in my math class we were given a list of indefinite integrals, and one of them was:

$$\int \frac{dx}{(x+2)\sqrt{(x+1)(x+3)}}$$

My working:

$$\int \frac{dx}{(x+2)\sqrt{(x+1)(x+3)}}=\int \frac{dx}{(x+2)\sqrt{(x+2)^2-1}}$$

Then I used the substitution $x+2=\sec t$ to get:

$$\int \frac{\tan t}{\sqrt{\sec^2 t-1}}dt=\int \frac{\tan t}{|\tan t|}dt= t\,\text{sgn}\, (\tan t)+C...$$

Then I checked the answer sheet, and this is what they did:

$$\int \frac{\tan t}{\sqrt{\sec^2 t-1}}dt=\int dt=t+C=\text{arcsec}(x+2)+C$$

What I don't understand is, why are they allowed to say $\sqrt{\sec^2 t-1}=\tan t?$ I tried to put some values in and I have found that:

$$\int_{\sec \left(\frac{8}{5}\right)-2}^{\sec \left(\frac{9}{5}\right)-2} \frac{dx}{(x+2)\sqrt{(x+1)(x+3)}}<0$$ but according to the answer sheet I would get $\dfrac{1}{5}$

My answer looks wrong, I would be happy if someone could explain what the problem is, and also why we are allowed to simplify like they did.

  • $\begingroup$ There is an identity that "converts" the radical into a tangent. Write the -1 as -cos²/cos² and use Pyth. identity $\endgroup$ – imranfat May 10 '13 at 15:37
  • $\begingroup$ @imranfat that's not my question, I am asking why they can write $\sqrt{\tan^2 t}=\tan t$ instead of $\sqrt{\tan^2 t}=|\tan t|$ $\endgroup$ – Little miss sunshine May 10 '13 at 15:46
  • $\begingroup$ @Littlemisssunshine (what a name, first of all!) You see the substitution you made for $t$: $x + 2 = sec(t)$, if you modify it a bit, you get $ t = arcsec(x + 2) $. Now the principal range of $arcsec$ is $ [0, \pi] $, and hence $t$ must be positive. So $|\tan t| = \tan t$. $\endgroup$ – Parth Thakkar May 10 '13 at 16:23
  • $\begingroup$ Btw, I do know that this isn't exactly an answer (and hence was posted as a comment). There's a flaw: $ x + 2 = sec(t) => t = arcsec(x + 2) $ only if $t$ lies in the principle range. So, it is just beating around the bush. But so far, I've seen in solutions to integration problems, that such things aren't really bothered about. I maybe horribly wrong about this, I don't know. $\endgroup$ – Parth Thakkar May 10 '13 at 16:28
  • $\begingroup$ Ah, the absolute value. Parth, usually it isn't important, the domain of the original integral is as such that it "converts" in such a way that the abs. value becomes redundant. But now I am in for a counterexample which I am going to search for, I guess. (Now I do know with finding a limit, that one has to be careful with the use of absolute values) $\endgroup$ – imranfat May 10 '13 at 16:36

The answer of the book looks wrong. Since the principal range of $\sec x$ is:

  • $\left[ 0; \frac{\pi}{2} \right)$ if $x \ge 1$, and on this domain, $\tan t$ is positive.
  • $\left( \frac{\pi}{2} ; \pi \right]$ if $x \le -1$, whereas on this domain, $\tan t$ is negative.

So, in fact, the solution to that integral should be split in to 2 different parts:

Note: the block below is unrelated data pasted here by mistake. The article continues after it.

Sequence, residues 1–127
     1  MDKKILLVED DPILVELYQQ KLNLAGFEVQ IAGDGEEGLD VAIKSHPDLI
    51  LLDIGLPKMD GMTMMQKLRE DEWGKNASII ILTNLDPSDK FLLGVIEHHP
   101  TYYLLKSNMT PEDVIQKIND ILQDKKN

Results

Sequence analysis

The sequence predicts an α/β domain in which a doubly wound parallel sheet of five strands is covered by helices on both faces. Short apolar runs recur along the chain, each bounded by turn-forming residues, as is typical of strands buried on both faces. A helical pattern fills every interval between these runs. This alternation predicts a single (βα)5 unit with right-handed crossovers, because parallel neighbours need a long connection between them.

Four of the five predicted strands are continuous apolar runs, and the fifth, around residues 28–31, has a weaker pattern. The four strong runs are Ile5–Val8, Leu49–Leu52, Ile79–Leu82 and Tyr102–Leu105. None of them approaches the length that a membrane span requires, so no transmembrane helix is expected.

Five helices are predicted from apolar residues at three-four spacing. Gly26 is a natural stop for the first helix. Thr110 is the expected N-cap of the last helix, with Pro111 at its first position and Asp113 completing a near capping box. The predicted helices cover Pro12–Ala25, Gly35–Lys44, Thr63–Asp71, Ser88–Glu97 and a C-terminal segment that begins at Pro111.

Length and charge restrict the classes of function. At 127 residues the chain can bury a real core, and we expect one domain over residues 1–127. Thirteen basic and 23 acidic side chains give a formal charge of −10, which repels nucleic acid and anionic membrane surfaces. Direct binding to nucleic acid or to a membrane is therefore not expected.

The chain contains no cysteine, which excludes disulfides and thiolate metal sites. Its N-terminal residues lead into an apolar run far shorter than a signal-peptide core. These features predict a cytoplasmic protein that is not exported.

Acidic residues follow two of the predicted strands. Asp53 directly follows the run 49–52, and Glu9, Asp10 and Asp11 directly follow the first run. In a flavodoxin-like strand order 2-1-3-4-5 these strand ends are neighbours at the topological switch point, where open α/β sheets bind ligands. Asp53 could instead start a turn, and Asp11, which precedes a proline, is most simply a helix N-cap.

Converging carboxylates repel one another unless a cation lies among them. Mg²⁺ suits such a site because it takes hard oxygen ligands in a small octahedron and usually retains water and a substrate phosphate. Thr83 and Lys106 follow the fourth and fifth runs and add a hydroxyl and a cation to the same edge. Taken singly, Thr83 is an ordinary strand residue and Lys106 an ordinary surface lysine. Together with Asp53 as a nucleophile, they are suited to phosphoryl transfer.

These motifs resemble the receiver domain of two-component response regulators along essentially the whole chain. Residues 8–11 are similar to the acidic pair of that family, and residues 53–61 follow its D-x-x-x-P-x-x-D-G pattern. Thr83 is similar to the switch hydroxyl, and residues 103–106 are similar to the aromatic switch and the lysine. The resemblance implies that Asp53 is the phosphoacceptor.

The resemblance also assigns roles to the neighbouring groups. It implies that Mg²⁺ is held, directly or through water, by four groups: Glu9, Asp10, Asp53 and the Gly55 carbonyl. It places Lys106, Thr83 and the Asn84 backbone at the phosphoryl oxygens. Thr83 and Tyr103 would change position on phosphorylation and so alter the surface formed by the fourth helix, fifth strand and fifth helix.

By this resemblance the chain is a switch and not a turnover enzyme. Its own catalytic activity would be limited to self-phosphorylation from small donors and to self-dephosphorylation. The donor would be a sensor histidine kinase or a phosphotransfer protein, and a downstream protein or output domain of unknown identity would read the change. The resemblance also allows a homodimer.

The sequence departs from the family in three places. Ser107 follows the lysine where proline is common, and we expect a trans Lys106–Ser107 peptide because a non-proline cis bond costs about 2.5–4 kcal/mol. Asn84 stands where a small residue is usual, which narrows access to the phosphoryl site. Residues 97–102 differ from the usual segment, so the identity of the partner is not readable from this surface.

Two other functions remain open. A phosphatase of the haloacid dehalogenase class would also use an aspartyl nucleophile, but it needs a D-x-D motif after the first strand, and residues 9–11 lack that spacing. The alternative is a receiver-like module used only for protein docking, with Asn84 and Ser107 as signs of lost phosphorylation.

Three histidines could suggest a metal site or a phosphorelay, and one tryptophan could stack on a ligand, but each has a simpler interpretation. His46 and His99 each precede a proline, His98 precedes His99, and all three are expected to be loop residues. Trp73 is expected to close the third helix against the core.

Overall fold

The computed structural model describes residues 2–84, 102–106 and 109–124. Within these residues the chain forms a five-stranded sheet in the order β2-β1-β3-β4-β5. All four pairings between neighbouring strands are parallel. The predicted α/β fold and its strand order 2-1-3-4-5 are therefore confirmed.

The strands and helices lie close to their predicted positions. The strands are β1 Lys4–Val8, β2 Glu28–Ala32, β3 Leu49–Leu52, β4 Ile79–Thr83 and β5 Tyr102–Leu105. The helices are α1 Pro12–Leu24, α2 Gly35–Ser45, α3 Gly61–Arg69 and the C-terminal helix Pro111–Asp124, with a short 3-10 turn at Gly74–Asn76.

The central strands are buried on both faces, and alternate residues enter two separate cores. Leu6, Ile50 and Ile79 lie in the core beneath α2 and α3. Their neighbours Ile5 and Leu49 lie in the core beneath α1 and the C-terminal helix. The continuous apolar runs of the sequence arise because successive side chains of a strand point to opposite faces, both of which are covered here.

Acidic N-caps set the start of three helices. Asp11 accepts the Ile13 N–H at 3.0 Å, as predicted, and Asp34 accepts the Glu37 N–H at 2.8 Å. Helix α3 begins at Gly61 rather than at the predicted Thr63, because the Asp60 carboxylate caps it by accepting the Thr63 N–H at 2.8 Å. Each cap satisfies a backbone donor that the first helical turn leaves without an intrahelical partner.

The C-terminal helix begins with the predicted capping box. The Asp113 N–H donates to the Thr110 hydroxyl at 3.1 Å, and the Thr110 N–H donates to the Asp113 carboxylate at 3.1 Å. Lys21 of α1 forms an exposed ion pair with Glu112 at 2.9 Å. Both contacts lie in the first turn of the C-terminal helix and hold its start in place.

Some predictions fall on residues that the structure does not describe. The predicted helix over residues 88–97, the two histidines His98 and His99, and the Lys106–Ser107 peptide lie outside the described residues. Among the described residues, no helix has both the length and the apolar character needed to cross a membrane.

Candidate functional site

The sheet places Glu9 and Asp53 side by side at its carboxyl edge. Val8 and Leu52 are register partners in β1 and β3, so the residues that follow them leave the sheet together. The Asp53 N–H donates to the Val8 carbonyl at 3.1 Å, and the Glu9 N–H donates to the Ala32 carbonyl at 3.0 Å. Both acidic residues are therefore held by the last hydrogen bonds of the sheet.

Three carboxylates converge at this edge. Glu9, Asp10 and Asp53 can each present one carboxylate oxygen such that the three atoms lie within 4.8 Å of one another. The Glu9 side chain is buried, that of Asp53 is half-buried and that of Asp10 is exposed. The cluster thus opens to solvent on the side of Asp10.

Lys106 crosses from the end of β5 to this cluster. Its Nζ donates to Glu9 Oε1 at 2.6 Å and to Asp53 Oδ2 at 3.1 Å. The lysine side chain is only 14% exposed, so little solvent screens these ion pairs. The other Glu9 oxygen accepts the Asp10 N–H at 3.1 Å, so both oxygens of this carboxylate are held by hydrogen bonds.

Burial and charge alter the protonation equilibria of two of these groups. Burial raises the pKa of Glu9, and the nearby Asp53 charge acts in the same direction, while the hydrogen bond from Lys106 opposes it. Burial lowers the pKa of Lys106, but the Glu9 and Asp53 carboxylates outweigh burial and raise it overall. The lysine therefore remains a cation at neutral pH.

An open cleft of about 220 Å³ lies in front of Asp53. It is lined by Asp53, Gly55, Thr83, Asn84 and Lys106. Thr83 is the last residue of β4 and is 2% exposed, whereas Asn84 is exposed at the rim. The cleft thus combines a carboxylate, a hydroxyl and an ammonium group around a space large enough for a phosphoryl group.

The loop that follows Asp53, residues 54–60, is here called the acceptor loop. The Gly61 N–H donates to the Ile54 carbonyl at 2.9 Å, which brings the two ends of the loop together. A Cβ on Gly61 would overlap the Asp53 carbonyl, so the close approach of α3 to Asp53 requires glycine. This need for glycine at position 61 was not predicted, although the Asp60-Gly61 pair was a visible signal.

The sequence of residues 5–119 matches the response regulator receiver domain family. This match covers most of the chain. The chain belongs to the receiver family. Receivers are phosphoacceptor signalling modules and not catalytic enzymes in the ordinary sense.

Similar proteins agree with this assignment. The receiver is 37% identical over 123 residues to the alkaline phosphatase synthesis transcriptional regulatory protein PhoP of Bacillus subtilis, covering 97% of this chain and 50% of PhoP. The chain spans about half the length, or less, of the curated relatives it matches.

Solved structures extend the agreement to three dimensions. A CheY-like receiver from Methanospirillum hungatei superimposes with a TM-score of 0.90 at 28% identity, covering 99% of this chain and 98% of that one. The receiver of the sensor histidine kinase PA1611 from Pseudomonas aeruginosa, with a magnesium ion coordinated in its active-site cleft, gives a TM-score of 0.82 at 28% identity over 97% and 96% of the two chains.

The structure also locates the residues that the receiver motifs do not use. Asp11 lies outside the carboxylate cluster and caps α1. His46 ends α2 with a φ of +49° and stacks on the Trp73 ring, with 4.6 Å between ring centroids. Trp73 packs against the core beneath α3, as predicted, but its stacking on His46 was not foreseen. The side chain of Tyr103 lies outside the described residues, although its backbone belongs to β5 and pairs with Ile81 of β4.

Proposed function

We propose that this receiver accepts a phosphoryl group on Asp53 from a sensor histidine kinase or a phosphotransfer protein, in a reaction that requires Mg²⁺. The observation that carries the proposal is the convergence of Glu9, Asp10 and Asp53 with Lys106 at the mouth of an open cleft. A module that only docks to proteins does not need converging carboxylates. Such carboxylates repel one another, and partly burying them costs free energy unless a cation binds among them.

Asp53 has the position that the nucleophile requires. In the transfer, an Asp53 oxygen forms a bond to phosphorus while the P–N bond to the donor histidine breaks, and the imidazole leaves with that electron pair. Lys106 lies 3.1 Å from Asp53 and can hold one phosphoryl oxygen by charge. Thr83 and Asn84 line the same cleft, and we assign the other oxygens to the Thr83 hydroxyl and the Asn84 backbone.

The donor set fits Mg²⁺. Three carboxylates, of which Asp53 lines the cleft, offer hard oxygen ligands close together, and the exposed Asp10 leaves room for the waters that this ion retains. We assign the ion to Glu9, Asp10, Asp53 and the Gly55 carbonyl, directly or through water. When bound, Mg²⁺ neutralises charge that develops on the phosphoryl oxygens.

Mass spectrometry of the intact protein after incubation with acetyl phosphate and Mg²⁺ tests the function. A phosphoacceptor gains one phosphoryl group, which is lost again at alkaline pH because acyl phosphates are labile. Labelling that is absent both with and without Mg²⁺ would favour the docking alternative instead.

$$\int\limits \frac{dx}{(x+2)\sqrt{(x+1)(x+3)}} = \left\{ \begin{array}{ll} -\mbox{arcsec}(x + 2) + C_1 &, \mbox{for }x < -3 \\ \mbox{arcsec}(x + 2) + C_2 &, \mbox{for }x > -1 \end{array} \right.$$

  • 2
    $\begingroup$ Another approach: Let $u=x+2$, we need to integrate $du/u\sqrt{u^2-1}$. Set $v=\sqrt{u^2-1}$, we have $du/u=vdv/(v^2+1)$ and $dx/(x+2)\sqrt{(x+1)(x+3)}=dv/(v^2+1)$, therefore the answer is $\arctan v$ where $v=\sqrt{(x+1)(x+3)}$. $\endgroup$ – Yai0Phah May 10 '13 at 17:50
  • $\begingroup$ @user49685 I think you're right, there must be 2 parts of the solution! $\endgroup$ – Parth Thakkar May 11 '13 at 5:10

I'm sure that you're more rigorous than the book. But actually it is unnecessary when encountered in definite integration. You just need to be aware of that $ \int \frac{1}{x \sqrt{x^2-1}} dx = {\rm{arcsec}} (x) + C $ is only valid when x>1. Just like in the example of $ y = \ln (x) $, we normally have $ \int \frac{1}{x} dx = \ln (x) $ where you know that x must be positive. When the lower and up limit are negative in definite integration, we just need to convert them to positve region.


I know this is an old question, but I think I know why your answer sheet might have ignored the absolute value. Some calculus books (e.g. Stewart´s) define the arcsec function as the inverse function of the secant restricted to $[0,\pi/2)\cup[\pi,3\pi/2)$, instead of the usual $[0,\pi/2)\cup(\pi/2,\pi]$. I, personally, think this is a bad idea. However, by doing this, you avoid the absolute value "problem" in these integrals. Note that now the tangent is non-negative in the range of the arcsec. But then you have to be careful, because with this definition we actually have: $$arcsec(sec(8/5))=2\pi-8/5$$ and similarly with $9/5$, so that the integral in your example would give $2\pi-9/5 -(2\pi-8/5)=-1/5.$


Your Answer

By clicking “Post Your Answer”, you agree to our terms of service, privacy policy and cookie policy

Not the answer you're looking for? Browse other questions tagged or ask your own question.